African leaders to confront elaborate social welfare agenda

Sharm El Sheikh- Egypt (PANA) -- African leaders will commit to the implementatio n of new initiatives to bolster funding for child welfare improvements and make c ommitments to the efforts to eradicate malaria at the start of their high-level f orum on Monday, AU officials said in Sharm El Sheikh on Sunday.
African Union Commissioner for Social Affairs Biance Gawanas said the Summit of African leaders was expected to adopt a special declaration, calling on the West to accord fair treatment to professionals leaving the continent to look for fres h economic opportunities.
In what appears to be one of the most elaborate anti-poverty-focused Summits eve r to be held by the African leaders, issues of safeguarding the welfare of the A f rican child and the fate of hundreds of thousands of health workers leaving the c ontinent are expected to preoccupy the continent's political leaders, even as th e y tackle the provision of water services.
Speaking on the sidelines of a ministerial meeting to prepare for the main Summi t, which opens on Monday, Nobel Peace laureate Wangari Maathai called on the lea d ers to prioritize the protection of forests and criticized the "food first" appr o ach of handling the environment, where most countries destroy forests to create r oom for the cultivation of food crops.
"If you destroy nature, it will hit back with a vengeance.
It will not care that you did not know the consequences of your actions when you cut all the trees and left the rains to take the fertile soils to the big oceans," the Noble peace la u reate told PANA.
The African leaders are expected to take stern measures to ensure the protection of the African child by overseeing the implementation of a new landmark accord on the protection of child welfare.
Gawanas, a Namibian lawyer who has been overseeing the Commission's handling of social affairs, said conditions had been inappropriate for most African women, e s pecially at birth.
"In many cases in Africa, giving birth means burying the mother.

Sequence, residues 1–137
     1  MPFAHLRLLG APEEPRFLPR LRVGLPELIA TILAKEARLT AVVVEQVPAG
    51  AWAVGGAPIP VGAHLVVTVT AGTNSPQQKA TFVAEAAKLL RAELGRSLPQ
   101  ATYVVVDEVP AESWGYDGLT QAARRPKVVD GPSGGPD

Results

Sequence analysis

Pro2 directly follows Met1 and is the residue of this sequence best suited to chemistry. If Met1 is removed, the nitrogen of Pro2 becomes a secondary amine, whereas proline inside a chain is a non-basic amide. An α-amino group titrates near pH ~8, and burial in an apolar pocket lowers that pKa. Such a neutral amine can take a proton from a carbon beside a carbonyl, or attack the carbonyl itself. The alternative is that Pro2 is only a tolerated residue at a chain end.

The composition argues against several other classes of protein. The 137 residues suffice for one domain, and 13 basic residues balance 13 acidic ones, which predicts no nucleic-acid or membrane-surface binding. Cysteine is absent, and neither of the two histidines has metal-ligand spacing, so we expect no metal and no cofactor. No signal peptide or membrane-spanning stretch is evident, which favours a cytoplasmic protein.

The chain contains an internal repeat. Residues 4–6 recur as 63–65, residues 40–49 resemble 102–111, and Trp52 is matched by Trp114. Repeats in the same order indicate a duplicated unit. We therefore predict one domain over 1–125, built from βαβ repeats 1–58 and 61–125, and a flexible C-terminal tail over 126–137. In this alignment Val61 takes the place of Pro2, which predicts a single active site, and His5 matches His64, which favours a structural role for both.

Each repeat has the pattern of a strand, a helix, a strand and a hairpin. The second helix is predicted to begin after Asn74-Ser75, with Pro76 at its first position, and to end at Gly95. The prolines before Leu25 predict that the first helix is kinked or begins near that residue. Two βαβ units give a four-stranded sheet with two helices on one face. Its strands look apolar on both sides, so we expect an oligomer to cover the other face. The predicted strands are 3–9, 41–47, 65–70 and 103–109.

We are telling the African leaders to ensure that women do not have to die and that they must p u t the child and infant welfare in its right place," Gawanas told journalists.
The African leaders, who have been streaming in for the Summit, slated to kick o ff in the Red Sea resort city of Sharm El Sheikh, will be tasked on their progre ss in implementing past commitments under the protocol on the Rights and Welfare of the Child, a continental law put in place to ensure African children enjoy improved services.
Gawanas said the leaders would also consider the progress made in tackling other life-threatening diseases in the continent, top among them the eradication of m a laria, which, she said, was being considered under an accelerated plan.
She said the continental leadership was examining a series of bold initiatives, including the setting up of pharmaceutical companies to oversee the war against m alaria through availability of drugs.
"We want to make the promotion of child welfare central to this Summit.
We canno t ignore the determinants to good health such as water and sanitation," Gawanas s aid.
AU Commission President Jean Ping kicked off the campaign in Sharm El Sheikh on a strong note, saying Africa had the opportunity to ensure a malaria-free contin e nt if it set up its own drug manufacturing companies to provide the essential me d icines.
"You will tell me I am dreaming but even the AU was once a dream, now, we have i t; you cannot have what you have not dreamt," Ping said, as he reiterated that e f forts are underway to manufacture essential drugs within the continent.
The AU is keen to push for the implementation of the maternal health commitments made by African states, among them, a pledge to increase the proportion of heal t h budgets to 15 per cent of public expenditure to provide more funds to tackle t h e challenges.

29 june 2008 12:22:00




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